No Man is an Island… Or is he?: The Trending Privatization of Public Realms
“Public spaces are the window into a city’s soul…” Sharon Zuchin, 1995
The ongoing privatization of the public realm points to a paradigm shift in the way cities have been redefined. Due to the new liberal economy, a more capitalist approach has emerged and with it, a clear divide in society. The “image of the city” reflects these different facets as public spaces undergo a massive make-over. The desire for exclusivity has prevailed in society, regardless of time and space. Aristocracy, feudal systems and colonialism manifested man’s lust to be part of an elite minority. Today, in the era of globalization, we see the private sector penetrate and take over public spaces with purely financial motives. As a result, the inherent democratic quality of these spaces is lost.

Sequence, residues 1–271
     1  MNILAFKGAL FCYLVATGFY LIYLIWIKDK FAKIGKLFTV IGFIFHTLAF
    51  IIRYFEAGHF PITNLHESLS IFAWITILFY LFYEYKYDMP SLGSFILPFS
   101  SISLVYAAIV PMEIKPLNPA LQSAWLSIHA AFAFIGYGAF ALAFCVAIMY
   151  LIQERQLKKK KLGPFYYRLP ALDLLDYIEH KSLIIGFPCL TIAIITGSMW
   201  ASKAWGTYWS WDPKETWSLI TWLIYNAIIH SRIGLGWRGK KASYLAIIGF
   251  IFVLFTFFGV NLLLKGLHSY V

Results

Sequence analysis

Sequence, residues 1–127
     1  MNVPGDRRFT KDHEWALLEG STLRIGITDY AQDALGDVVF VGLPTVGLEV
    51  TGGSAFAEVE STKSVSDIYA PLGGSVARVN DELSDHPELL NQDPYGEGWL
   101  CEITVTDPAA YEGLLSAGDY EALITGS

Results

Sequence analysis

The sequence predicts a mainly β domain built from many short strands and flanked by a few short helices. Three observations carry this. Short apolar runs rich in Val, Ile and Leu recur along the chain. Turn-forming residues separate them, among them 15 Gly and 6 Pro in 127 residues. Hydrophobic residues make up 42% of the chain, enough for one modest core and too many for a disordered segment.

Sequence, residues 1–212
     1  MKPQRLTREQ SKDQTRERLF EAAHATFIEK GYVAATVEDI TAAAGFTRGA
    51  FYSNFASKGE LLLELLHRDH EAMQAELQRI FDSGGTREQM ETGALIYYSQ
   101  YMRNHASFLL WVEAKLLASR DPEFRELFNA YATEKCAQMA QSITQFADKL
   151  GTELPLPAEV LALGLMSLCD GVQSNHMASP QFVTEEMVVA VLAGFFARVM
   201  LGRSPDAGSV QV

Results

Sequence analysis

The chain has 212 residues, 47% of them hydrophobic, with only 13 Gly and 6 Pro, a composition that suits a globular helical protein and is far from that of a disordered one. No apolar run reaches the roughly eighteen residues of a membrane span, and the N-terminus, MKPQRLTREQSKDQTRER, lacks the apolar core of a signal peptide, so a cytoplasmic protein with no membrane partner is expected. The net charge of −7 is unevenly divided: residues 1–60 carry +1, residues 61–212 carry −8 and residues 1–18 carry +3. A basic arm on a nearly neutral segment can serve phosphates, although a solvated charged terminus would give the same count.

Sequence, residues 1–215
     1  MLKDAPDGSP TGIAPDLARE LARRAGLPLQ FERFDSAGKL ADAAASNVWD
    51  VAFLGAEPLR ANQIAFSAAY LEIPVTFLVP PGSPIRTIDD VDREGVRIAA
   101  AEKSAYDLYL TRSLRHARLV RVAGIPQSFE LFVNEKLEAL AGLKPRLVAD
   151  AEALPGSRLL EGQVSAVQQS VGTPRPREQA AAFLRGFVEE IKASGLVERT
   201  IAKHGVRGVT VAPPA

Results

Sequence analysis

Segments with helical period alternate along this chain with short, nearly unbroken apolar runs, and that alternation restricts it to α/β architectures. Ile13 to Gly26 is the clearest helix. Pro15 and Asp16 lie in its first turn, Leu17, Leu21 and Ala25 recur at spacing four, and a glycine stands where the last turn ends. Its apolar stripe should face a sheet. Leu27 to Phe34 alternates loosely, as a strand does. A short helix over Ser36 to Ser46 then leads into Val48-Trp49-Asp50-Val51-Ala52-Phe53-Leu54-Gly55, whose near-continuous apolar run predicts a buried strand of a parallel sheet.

Colonial rule in India saw the establishment of the Gymkhana clubs in Delhi, Calcutta and Bombay. These operated on an exclusivity based on race, catering to mainly British officers and traders, a class that was denied membership to clubs in England since they were not “landed gentry.” However, as the new ruling elite in India, this was one of the privileges they bestowed upon themselves. Ironically, in a replication of the exclusive nature of the English clubs, membership was denied to most non-whites. Unlike the gentleman’s clubs in England though, these allowed women, probably in an attempt to make life in India more palatable to them. The very few Indians who were allowed into these clubs had to earn this privilege through some service or other rendered to the Crown or because of their extremely high status.